10 MAY 1935, Page 44


By Lilo Linke -

Tale Without End was the title of the first book Fritulein Lilo Linke wrote about herself : this further instalment of her autobiography, Restless. Flags (Constable/ 7s. 6d.), presents the "picture of a German girl, growing up during the last two decades." Thereby it purports to show " the common fate of her generation "—which is a good, no doubt a valid, excuse for the book. And it needs one. For Fri. Linke wears her heart not on her Republican Social-Democratic sleeve but, like a complete wandervogel outfit, aflutter to the four winds of heaven. In fact, making a mandolin of it to strum on, she so uncomfortably reminds one of those primitive and predatory Teutons who hike through happier and aliPn climes, armed with their music or merely with visiting-cards, that criticism of her book at once becomes personal and impossible. The reader resents her bland indiscretion, her stolid assurance and glutinous sentimentality : he finds that, looming so large in the foreground, Fri. Linke contrives to obscure the back- ground she claims to represent. At least let us hope that she dis- torts it ; for it is a distressing muddle. Seen through her eye s, Germany becomes a belligerent nursery—what a success this book would have in France ! Pity for the patient bread-queues of blockaded Germany is superseded by half incredulous amazement—and, fraiddy, alarm—as one after another the restless flags are unfurled : flags so numerous that apart from the Imperial, Republican, Communist and Nazi emblems on the jacket, we hear of "five hundred different organizations" in which German youth became absorbed, even "the most obscure of associations" having "discovered the importance of safeguarding its future by founding a youth-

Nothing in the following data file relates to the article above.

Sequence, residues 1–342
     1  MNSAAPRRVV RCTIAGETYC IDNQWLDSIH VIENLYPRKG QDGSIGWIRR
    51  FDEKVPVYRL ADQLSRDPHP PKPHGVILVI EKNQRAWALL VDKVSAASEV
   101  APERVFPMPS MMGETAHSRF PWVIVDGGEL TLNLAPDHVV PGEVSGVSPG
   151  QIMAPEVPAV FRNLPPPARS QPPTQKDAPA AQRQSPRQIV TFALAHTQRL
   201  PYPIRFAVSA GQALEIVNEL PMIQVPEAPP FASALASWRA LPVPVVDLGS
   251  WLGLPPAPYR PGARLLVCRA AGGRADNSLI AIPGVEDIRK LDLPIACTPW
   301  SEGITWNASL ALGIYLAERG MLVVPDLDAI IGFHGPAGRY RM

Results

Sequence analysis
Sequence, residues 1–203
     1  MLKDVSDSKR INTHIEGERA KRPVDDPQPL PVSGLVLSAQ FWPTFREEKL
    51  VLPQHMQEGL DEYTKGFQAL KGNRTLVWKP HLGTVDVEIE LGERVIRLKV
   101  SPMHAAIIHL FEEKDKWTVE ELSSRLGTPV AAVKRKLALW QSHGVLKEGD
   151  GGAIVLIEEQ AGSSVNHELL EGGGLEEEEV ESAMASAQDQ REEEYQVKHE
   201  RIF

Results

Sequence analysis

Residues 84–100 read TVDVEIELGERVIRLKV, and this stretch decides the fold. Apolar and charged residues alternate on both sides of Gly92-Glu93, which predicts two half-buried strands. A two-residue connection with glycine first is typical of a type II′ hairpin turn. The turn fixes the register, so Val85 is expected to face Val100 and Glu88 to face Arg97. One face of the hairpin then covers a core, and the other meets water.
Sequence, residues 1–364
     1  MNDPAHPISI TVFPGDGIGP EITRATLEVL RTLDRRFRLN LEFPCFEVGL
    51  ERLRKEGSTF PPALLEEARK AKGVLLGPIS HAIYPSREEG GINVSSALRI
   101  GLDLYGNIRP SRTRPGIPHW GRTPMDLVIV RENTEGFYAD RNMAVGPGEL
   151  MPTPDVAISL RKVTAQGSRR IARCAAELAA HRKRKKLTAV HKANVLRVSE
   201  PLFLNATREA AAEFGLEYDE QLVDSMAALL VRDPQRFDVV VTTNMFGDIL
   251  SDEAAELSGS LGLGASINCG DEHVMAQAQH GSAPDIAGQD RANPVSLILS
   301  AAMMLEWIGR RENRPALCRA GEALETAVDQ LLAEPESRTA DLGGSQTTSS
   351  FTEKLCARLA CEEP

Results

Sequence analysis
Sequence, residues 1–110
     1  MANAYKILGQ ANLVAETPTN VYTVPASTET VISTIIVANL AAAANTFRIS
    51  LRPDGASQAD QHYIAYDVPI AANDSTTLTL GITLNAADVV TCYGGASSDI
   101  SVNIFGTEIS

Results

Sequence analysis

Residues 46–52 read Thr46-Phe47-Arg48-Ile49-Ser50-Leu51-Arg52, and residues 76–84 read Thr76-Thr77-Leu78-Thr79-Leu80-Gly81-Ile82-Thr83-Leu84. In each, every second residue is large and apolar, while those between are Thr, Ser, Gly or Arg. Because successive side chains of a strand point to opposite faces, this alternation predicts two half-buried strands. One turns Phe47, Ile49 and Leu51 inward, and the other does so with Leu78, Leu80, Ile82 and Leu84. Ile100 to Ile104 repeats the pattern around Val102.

movement of its own; often composed completely of school- children." And through this welter of near-starvation, inflation, infatuation, idealism and emotional excess, Fri. Linke parades an aggressive and callow personality, awkwardly goose-stepping in a foreign tongue; which her publishers and proof-readers have now, alas, abandoned to her curious devices.